16 Second Degree or Partial Thickness Burns: Both the outer layer (epidermis) and the upper parts of the inner layer (dermis) are hurt Burned skin looks pale pink to white, wet, and has blisters Second degree burns are very painful Second-degree burns heal over six to twenty-one days, depending upon how deep they are. Deeper second degree burns may need surgery and skin grafting to prevent scarring and improve function Second degree burns that don t need surgery may result in permanent scarring Third Degree or Full Thickness Burns: All layers of skin both the outer layer (epidermis) and all of the inner layer (dermis) are hurt Burned skin looks white, charred, yellow and/or brown Third degree burns tend to be dry, hard, or leathery Third degree burns often burn off the nerve endings, but still will mean a painful recovery Third degree burns almost always need grafting and usually result in permanent scars 15

17 Fourth Degree Burns: These, the most serious of burns, involve damage to all layers of skin as well as the muscle, bone, tendons, blood vessels and nerves below Fourth degree burns look white/yellow, charred, and feel very hard Surgery is always needed Fourth degree burns often result in a loss of muscle, blood vessels, nerves, and bone, which may impair function of a limb (arms/legs) and sometimes require amputation 16

18 Common Causes of Burn Injuries Burns can be caused in many ways: Flame Fire that touches the skin burns it in the same way that food gets cooked on a barbecue. Flames not only burn the skin but also hot smoke, fumes, and chemicals that burn your lungs or worsen the burn to your skin. Scald Hot liquids can burn very quickly often in a few seconds. The thermometer illustrates how quickly a deep burn can occur when the water temperature is above 120 degrees! So keep your home thermostat set below 120 degrees! Liquid at 156 (soup on the stove) causes deep burns within 1 second. 17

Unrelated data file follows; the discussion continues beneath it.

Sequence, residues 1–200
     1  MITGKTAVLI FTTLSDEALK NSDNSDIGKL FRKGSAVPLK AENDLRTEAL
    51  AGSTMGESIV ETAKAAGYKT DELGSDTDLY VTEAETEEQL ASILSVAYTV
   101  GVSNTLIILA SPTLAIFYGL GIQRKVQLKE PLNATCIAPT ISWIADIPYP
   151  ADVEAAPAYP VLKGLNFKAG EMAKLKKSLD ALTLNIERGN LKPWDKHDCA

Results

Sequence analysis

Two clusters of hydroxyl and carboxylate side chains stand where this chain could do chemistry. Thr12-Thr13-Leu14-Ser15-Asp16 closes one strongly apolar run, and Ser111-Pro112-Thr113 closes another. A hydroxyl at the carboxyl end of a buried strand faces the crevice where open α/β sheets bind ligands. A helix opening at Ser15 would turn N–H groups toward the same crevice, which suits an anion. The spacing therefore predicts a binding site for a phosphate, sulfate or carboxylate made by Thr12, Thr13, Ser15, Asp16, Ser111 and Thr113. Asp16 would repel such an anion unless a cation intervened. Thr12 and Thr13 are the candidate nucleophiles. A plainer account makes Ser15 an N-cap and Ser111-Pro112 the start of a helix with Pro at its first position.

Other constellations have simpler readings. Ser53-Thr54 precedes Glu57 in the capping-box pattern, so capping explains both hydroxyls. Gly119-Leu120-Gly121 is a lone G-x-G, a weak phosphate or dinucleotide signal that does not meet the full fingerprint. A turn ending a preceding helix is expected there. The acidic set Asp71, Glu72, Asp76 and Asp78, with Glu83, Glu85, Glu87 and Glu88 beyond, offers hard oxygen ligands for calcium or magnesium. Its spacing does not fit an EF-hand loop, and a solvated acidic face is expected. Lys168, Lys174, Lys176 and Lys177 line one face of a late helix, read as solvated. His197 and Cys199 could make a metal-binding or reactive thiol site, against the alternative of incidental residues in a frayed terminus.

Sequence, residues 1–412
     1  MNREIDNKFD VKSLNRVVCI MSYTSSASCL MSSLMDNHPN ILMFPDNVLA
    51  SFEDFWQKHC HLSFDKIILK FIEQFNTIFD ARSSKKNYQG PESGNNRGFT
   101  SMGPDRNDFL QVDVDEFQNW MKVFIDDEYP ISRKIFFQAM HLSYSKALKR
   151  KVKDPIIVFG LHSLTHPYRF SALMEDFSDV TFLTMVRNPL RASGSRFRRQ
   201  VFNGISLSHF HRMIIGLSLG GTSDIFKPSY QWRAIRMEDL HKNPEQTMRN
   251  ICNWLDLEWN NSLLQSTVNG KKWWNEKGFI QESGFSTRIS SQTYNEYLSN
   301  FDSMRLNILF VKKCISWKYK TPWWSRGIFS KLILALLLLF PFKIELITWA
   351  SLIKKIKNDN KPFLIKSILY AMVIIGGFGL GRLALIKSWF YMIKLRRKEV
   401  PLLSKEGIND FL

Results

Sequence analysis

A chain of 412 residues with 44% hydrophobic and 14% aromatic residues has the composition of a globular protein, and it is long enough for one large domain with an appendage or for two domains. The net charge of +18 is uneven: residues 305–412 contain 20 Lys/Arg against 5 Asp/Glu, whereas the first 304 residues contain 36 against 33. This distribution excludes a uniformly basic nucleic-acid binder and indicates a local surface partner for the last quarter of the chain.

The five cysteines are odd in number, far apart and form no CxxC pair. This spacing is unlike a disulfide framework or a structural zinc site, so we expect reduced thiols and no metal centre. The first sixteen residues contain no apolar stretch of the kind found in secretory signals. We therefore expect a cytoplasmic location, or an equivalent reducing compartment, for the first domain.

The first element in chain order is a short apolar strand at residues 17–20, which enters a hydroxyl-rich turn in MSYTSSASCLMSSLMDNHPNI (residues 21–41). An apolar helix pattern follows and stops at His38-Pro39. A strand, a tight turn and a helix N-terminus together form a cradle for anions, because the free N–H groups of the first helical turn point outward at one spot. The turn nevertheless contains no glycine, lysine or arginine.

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20 What Causes Burn Injuries? Contact with a hot object or friction this happens when you touch something very hot (like an iron) or when your skin slides across a rough surface (like carpet, asphalt, etc.). Example: Walking barefoot on the hot asphalt or concrete can cause deep burns to your feet. Electrical caused when an electrical current runs through your body, either from man-made electricity or lightning. o Electrical burns usually have entrance and exit wounds where the electricity went into and came out of your body o Electrical burns can be from first to fourth degree in depth o The burns that you see may not be all that is hurt sometimes burn injuries happen inside the body as well o Electrical burns also cause other kinds of injuries Broken and dislocated bones Brain, spinal cord, and other nerve injuries Damage to the eye (cataracts) Heart problems (irregular heart rhythms) Too much swelling of parts of the body (compartment syndrome) Chemical when a chemical touches and harms the skin. o Certain chemicals (acids and alkali) can burn more or less quickly, depending upon how strong the chemical is o Chemicals keep on burning the skin until they are removed, usually by washing them away with water o Surgery may be needed, depending upon how deep the burn is Examples: Kitchen/Bathroom cleaners Bleach Pool chemicals Gasoline/Propane/Lighter fluid 19